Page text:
What if, after growing up in a remote farming village, you suddenly discovered that you didn’t belong there? What if you learned that you could wield incredible power? What if the power you wield hints that you belong to an accursed race of people, exiled, destroyed, and nearly forgotten?
Welcome back, and welcome to the new year!
I’m starting off 2015 with a review for the first book in a new fantasy series. It’s written under a new nom de plume, but by an author who is an old favorite. Emissary is Davis Bunn’s foray into epic fantasy, writing under the name Thomas Locke. Thomas Locke is a pseudonym created by Bunn as part of his efforts to branch out into fantasy from his usual adventure/thriller novels.
In Emissary, Hyam is an outcast farm-boy with an unusual knack for learning a particular dead language and a grudge against the mages who dragged him away from his favorite study and forced him to learn Elvish instead. Of course, for ordinary people, neither language is any good, since the mysterious races who once spoke them are long vanished.
Outside of Hyam’s village, however, dark powers have instigated revolution and devastation across the country. A series of attacks force Hyam out of his village and bring him together with two other misfits. Together, they gather the first of a resistance. Along the way, Hyam learns a lot about the world.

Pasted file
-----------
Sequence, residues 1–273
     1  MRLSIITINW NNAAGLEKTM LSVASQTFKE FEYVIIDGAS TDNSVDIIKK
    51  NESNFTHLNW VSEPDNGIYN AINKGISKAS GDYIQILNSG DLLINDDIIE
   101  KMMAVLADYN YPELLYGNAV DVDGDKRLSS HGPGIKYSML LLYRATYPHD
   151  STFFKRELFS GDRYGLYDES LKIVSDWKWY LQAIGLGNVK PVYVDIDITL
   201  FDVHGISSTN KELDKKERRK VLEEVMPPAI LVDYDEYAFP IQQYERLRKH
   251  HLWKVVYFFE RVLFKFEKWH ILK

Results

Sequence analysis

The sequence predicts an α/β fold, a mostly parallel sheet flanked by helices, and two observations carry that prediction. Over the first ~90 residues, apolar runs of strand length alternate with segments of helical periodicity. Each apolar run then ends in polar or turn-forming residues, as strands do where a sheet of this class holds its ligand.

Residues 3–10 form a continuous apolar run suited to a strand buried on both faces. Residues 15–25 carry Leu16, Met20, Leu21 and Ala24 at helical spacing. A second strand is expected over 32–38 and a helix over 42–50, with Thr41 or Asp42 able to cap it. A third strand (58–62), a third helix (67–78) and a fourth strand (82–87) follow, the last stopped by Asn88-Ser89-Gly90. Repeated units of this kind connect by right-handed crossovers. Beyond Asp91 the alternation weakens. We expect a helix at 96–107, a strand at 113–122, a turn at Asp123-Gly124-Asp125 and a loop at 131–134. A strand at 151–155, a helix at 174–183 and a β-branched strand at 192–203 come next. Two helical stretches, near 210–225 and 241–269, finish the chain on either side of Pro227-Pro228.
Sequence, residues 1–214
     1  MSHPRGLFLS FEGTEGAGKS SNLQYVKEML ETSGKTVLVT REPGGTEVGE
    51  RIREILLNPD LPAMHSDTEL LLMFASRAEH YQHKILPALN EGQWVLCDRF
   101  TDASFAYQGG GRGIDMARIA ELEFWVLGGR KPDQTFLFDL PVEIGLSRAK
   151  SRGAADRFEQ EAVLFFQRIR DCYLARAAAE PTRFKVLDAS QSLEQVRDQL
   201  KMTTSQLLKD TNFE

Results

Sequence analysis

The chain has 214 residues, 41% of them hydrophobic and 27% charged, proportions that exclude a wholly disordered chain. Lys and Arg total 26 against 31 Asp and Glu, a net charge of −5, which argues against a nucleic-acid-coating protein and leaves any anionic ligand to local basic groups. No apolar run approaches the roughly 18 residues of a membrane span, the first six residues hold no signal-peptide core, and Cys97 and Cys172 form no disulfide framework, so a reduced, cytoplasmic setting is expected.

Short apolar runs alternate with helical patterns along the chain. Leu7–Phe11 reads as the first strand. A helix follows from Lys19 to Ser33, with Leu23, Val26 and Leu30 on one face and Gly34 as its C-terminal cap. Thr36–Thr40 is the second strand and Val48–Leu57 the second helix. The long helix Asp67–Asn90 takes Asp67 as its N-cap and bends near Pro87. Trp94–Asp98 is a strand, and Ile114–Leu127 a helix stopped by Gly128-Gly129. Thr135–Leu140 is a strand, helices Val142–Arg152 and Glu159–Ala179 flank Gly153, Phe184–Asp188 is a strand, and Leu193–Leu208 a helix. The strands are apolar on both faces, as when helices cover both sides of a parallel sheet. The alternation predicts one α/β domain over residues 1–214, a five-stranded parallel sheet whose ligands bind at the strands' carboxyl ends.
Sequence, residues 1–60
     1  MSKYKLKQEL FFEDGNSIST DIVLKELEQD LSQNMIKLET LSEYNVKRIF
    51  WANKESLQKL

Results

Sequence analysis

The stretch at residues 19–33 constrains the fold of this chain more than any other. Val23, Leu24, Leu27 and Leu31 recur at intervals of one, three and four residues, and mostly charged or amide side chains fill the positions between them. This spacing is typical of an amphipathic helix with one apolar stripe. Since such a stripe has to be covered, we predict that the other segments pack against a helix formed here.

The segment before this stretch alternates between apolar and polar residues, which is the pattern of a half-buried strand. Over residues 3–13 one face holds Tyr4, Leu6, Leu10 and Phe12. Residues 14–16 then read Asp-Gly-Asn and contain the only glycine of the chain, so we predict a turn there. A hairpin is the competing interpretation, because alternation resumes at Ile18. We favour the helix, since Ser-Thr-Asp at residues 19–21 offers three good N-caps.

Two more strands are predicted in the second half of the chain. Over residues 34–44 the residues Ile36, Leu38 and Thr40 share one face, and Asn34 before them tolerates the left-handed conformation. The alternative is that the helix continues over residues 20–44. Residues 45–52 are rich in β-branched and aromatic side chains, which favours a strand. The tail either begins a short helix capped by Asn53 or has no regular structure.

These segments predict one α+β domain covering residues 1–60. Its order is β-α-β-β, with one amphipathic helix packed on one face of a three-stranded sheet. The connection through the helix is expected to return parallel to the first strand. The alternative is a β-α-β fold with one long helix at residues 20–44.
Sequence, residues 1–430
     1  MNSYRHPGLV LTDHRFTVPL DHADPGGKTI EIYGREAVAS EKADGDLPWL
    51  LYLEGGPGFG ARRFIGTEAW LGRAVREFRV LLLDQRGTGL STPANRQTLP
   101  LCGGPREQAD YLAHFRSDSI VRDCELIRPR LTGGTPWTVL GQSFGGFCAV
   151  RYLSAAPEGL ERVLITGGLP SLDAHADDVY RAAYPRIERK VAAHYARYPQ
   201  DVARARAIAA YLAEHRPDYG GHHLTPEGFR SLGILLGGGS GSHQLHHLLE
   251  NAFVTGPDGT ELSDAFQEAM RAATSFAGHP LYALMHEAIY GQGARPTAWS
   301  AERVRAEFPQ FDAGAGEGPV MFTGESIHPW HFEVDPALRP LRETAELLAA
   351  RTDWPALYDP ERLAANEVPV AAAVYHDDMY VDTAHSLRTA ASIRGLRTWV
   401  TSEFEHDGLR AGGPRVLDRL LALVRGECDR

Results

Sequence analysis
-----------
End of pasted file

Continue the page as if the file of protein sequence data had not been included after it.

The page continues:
To be honest, I had some small issues with the book—there’s a lot of world-building in the introduction. Locke spends a fair bit of time introducing his character and explaining the backstory. You need the info to understand what’s going on, but the best suggestion I have is to skim through it and wait for things to pick up after a few chapters. Along with that, the story follows a pretty typical fantasy scenario—young man of unknown, mysterious heritage, just coming of age with an onslaught of highly unusual powers.
Some fantasy stories veer toward inner conflict as the protagonist learns to understand and use his powers, but Emissary takes a different approach. The story doesn’t lack for conflict, but Hyam does feel at times improbably competent for someone who grew up in a hick village. Once he meets his first challenge, he moves almost at once from farm-boy to leader. After that, one or two miscreants get in his way, but otherwise people seem to cooperate with him. They have good reason to—given the power that he controls—and presumably he learned a thing or two during his education with the mages.
As far as the rest of the cast goes, a young woman named Joelle adds some spunk to the cast, and she in turn is balanced out by Hyam’s other sidekick—an old mage at odds with most of his community. I liked both characters well enough and thought they added depth to the story with both fun and tragedy.
More importantly, apart from a few lurches along the way, the story does rise to an intense, earth-shaking climax. There are lots of theatrics thrown in, but the heart of the story comes down to Hyam’s power and how he uses.
If you are interested in the book, you can read several chapters of it for free from Amazon, as the short-story The Captive. You might also like to check out this post on Thomas Locke's blog with a series of Q & A links.
[My thanks to Net Galley and Revell for sending me an electronic ARC copy of Emissary in exchange for my honest opinion of the book.]